Dudes, Bodies, and Criminals

Kaveh Landsverk

For those accustomed to the dry wit of judicial opinions, there is an undeniable charm to a novel that, within its first ten pages, paraphrases the 1966 Miranda v. Arizona US Supreme Court case with colloquial gusto: “The ACLU grabbed the case and 976 days later they were in front of the court that never gets overruled with John Flynn saying, and this is a direct quote (no it isn’t): ‘look dudes, and I refer to you thusly because this is way pre-O’Connor/Ginsburg, your Fifth Amendment deal is only protecting the rich and powerful: those who are brainy enough to know what their rights are or who have the dough to rent a lawyer.’”

Self-published in 2008, Sergio de la Pava’s 678-page opus A Naked Singularity gained such a following that the University of Chicago Press republished it last spring. The novel vivifies the forms of the modern American legal order, contrasting an attempt at the perfect heist with the courtroom’s routine foreclosure of life chances. Ralph Kramden from The Honeymooners and the Puerto Rican boxing champion Wilfred Benítez are also prominently involved.

Given the extent to which incarceration pervades contemporary American life, we need fiction that grapples with the entanglement of certain populations, particularly those of color, with various forms of prison, probation, and parole. At the time of the novel’s initial publication, one in 100 American adults was behind bars. Broken down by race and gender, the statistics document the everyday rehearsals of state capture and confinement that structure the lives of black, Latino, and transgender communities.

New York Supreme Court, New York City. Photo: Norbert Nagel

Casi, the novel’s protagonist and narrator, is a Manhattan public defense attorney, and the text opens with a madcap panorama of New York’s criminal court system as seen through his critical eyes. Moving quickly through Casi’s initial interviews with his arraigned clients, De La Pava presents readers with an array of people arrested for crimes that mostly represent indigent, immigrant, or addicted modes of getting by. A man who only speaks Cantonese is locked up for selling batteries on the subway, for instance, and an HIV-positive methadone addict is charged with acting as a lookout while her husband sold his clinical dose to an eager undercover cop. Insistently calling attention to the court’s reduction of life to categories of culpability, De La Pava capably depicts the legal processes that attach the bodies of criminal defendants to words like “four-time predicate felon” and “extensive warrant history.”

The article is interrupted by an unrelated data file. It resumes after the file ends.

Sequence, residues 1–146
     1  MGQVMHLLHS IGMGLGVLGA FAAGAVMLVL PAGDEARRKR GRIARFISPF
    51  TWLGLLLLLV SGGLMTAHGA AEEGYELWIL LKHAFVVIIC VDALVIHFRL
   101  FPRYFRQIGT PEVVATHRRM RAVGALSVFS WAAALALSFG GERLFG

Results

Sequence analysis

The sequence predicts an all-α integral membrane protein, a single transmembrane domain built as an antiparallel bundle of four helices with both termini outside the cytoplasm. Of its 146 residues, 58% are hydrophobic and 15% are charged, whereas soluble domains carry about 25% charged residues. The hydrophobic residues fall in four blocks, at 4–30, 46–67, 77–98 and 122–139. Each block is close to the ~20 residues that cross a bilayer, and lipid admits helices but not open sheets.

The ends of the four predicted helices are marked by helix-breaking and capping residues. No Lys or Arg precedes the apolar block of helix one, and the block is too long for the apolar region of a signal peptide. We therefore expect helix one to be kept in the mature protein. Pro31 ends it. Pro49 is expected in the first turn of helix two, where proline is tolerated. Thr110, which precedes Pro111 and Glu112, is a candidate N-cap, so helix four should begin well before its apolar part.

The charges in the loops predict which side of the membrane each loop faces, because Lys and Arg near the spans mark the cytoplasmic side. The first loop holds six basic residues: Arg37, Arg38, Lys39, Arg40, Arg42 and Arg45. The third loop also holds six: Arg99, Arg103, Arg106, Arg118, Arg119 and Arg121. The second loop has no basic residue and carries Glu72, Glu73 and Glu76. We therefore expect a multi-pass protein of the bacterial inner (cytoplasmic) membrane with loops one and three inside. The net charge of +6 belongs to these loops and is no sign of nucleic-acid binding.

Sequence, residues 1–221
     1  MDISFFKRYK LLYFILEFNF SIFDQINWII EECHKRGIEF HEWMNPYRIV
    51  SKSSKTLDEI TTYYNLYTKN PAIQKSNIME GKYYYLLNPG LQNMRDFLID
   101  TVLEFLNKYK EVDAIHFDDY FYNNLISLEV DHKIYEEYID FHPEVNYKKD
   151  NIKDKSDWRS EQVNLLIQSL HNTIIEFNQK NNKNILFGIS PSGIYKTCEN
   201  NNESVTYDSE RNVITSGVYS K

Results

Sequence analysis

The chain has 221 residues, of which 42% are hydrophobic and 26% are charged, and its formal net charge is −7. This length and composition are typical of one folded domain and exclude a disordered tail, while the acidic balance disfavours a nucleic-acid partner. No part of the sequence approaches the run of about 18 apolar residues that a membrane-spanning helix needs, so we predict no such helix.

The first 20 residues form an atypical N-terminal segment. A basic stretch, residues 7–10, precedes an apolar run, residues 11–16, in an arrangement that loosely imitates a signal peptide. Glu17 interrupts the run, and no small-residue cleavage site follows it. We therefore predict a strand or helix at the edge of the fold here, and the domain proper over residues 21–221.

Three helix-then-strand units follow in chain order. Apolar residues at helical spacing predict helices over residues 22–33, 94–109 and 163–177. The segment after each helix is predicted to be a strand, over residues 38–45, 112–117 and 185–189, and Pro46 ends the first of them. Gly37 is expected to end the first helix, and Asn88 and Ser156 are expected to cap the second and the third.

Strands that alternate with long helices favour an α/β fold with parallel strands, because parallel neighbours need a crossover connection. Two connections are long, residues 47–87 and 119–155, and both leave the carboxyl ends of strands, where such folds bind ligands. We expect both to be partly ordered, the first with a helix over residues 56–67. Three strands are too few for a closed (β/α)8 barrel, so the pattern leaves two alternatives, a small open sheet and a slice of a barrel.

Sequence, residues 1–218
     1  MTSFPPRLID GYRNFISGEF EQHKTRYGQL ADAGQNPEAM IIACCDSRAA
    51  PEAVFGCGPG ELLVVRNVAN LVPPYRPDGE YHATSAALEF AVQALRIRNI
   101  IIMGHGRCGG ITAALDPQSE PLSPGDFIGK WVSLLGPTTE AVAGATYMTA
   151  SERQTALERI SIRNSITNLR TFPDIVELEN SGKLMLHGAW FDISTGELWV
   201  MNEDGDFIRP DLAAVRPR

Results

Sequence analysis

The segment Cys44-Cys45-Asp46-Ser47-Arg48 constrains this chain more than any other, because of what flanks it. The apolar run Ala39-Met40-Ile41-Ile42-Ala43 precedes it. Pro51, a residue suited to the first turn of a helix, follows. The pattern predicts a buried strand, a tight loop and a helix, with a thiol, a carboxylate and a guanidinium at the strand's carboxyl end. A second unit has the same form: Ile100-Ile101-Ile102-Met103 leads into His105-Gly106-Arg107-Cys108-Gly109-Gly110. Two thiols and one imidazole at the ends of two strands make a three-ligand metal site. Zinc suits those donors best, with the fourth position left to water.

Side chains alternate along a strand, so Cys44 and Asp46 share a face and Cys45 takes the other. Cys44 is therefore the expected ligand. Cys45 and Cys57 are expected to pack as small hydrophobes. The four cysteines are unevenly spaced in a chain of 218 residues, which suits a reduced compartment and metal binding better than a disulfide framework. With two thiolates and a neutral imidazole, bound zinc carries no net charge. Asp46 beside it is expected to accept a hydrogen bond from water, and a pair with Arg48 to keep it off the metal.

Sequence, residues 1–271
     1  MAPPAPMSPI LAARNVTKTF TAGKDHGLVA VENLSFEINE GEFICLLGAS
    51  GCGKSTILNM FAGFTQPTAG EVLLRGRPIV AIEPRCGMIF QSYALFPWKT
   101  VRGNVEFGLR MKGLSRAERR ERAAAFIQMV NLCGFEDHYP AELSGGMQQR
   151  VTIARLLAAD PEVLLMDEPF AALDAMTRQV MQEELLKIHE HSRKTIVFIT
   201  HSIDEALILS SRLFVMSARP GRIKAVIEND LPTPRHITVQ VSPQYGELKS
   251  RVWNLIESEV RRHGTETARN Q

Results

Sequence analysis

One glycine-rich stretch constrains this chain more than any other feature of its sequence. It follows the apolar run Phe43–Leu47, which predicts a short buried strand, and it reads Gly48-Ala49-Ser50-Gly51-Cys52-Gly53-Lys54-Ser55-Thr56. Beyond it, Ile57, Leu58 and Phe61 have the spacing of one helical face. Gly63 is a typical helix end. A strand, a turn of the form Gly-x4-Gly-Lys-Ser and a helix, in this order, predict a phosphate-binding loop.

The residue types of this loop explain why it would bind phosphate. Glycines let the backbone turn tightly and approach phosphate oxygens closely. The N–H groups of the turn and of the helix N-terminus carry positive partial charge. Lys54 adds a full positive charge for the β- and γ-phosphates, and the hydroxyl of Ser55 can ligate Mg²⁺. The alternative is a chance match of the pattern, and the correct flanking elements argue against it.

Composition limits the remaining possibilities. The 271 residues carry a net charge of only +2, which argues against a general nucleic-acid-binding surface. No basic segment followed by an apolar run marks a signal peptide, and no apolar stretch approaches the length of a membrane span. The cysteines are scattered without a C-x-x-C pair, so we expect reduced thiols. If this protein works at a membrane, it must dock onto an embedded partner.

By threading the banal archive of carceral procedure through a narrative in which the protagonist dodges a punch from a chimpanzee, the novel effectively illustrates the mundane absurdity of the court system.

This is one way to describe a novel that does its best to resist description, whose broad scope and tangential energies escape interpretive enclosure. Discussing his plan to bring the characters of The Honeymooners to “actual” life, Casi’s neighbor Angus articulates something like the anti-logic of criminal court when he asks how someone might “go from being a collection of flesh and bone who generally occupies the same space as us to being a real person who has an inner life that we, on some level, care about.” By the end of the novel, when a friend advises Casi not to enter the courthouse because “you’ll never be the true subject of anything that happens in that or any similar building,” the point is clear: the maddening legal terrain Casi traverses brings a carceral—rather than what De La Pava considers a “true”—subject into being. Whereas Michel Foucault offered the prison timetable as the emblem of the modern state’s regime of subject creation, De La Pava submits death row visiting room regulations, confidential informant memos, and trial transcripts (complete with court reporter typos).

By threading the banal archive of carceral procedure through a narrative in which the protagonist dodges a punch from a chimpanzee, the novel effectively illustrates the mundane absurdity of the court system. The pathos of the novel derives not from crisply delineated encounters with individual cases of injustice but from lingering over systemic arrangements of diminished life chances. This is a welcome technique when it comes to contemporary legal fiction, and De La Pava employs it with such wit, intelligence, and humor that the text easily resists the deterministic melancholy such a representational strategy might seem to invite. This is not to say the novel is without problems—it fails to imagine the incarcerated subject as anything other than mentally impaired, and portions of the text read like Young Men’s Philosophy Club meetings. But in giving us Casi to navigate our legal present, De La Pava offers the invaluable opportunity to consider injustice, and imaginative remedities for it, through the perspective of a narrator who is willing to commit a multimillion-dollar robbery but unwilling to use a gun. Ethical criminality, the novel suggests, may be a form of self-making that evades the dehumanizing logics of the lawful.